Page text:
# Dynamic programming recursion

In a book by Wayne Winston for operations research I found this question.

Here's how I did it:
Let $t$ be the no.of subjects to pass and let h be the no.of hours she has in hand for studying.
Then $f_t(h)$ be the probability of passing subjects t,t+1,..3 when h hours are in hand. Let $x_t$ be the no.of hours spent on subject t.
$0<=x_t<=h; h\in {0,1,2,3,4}$

Then $f_3(4)=0.5 \\ f_3(3)=0.44 \\f_3(2)=0.4\\f_3(1)=0.3\\f_3(0)=0.1$
Let $P_t(x_t)$ be the probability of passing subject t when $x_t$ hours are spent on it.

$f_t(h)=max${${P_t(x_t)}+f_{t+1}(h-x_t)$}
According to this I get
$f_(4)=$max$P_1(0)+f_2(4)=0.98\\P_1(1)+f_2(3)=1\\P_1(2)+f_2(2)=1\\P_1(3)+f_2(1)=0.93\\P_1(0)+f_2(4)=0.425$

The answer I get is she should study French for 1 hour, German for 1 hour and Stat for two hours. But the answer given in the book says French 1 hour, German 0 hours, Stat 3 hours.

What's wrong with my method? And what is the probability of passing at least one subject ?

• have you worked with routing algorithms? Dijkstra algorithm? As this solves the problem of finding the route by imagining the matrix as a nodes then iterating through would be my first guess – Chinny84 Jul 22 '15 at 14:50

I have a different approach.

indices:

$ij$: The amount of hours i Angie is learning for course j.

$i \in \{0,1,2,3,4\}$

$j \in \{1,2,3\}$

variables:

$$x_{ij}=\begin{cases} 1, \ \texttt{if Angie learns i hours for course j} \\ 0, \ \texttt{else}\end{cases}$$

$$f_{ij}=\texttt{probability, that Angie passes course j, if she is learning i hours}$$

constraint 1: Angie is learning 4 hours a week

$$\sum_{i=0}^4 \sum_{j=1}^3 i \cdot x_{ij}=4$$

constraint 2: Only one hours/course combination for each course

$$\sum_{i=0}^4 x_{ij}=1 \ \ \ \ \forall j \in \{1,2,3\}$$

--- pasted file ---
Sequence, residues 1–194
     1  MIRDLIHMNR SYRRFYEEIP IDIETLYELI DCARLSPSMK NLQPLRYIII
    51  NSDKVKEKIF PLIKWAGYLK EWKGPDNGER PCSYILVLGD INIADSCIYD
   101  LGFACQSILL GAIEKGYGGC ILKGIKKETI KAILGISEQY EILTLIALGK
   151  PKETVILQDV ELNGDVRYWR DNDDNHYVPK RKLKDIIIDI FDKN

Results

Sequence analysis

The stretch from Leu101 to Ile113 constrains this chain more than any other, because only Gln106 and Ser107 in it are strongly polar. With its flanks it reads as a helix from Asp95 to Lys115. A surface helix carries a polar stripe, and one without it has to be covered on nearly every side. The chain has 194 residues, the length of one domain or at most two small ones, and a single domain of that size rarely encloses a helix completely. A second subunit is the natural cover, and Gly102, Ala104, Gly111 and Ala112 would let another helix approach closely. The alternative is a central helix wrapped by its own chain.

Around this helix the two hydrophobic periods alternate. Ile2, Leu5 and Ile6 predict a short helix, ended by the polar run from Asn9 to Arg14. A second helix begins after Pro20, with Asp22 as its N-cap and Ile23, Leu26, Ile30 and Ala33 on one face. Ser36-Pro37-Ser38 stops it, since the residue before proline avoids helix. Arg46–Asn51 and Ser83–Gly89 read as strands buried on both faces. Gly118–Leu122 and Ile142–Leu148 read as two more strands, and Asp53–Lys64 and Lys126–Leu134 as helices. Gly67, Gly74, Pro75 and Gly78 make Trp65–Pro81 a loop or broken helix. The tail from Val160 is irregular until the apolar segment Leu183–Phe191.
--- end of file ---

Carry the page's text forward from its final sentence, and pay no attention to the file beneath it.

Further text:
objective function:

Because of the comments of joriki the objective function is

$$\texttt{max} \ \ \ 1-\prod_{j=1}^3 \left(1- \sum_{i=0}^4 f_{ij} \cdot x_{ij} \right)$$

• Your objective function is the sum of the probabilities of passing the individual tests. The intended objective function is the probability of passing at least one test, i.e. the complement of the product of the complements of the probabilities. – joriki Jul 22 '15 at 15:28
• On one hand I understand your argument (more or less). On the other hand I do not really know how to change the objective function. Could you show me (us), how you would write the objective function ? – callculus Jul 22 '15 at 15:42
• $$1-\prod_{j=1}^3\left(1-\sum_{i=0}^4f_{ij}x_{ij}\right)$$ – joriki Jul 22 '15 at 15:44
• This looks fine. I will edit my answer. Many thanks for this helpful hint. – callculus Jul 22 '15 at 15:51
• @sam_rox: Yes, exactly. The way things are set up in this answer, $\sum_{i=0}^4f_{ij}x_{ij}$ is the probability of passing test $j$. (I wouldn't have set it up like that, but it's correct.) Then one minus that is the probability of not passing, i.e. of failing test $j$. The product of those probabilities for all three tests is the probability of failing all of them. And one minus that is the probability of not failing all of them, i.e. of passing at least one. – joriki Jul 22 '15 at 17:34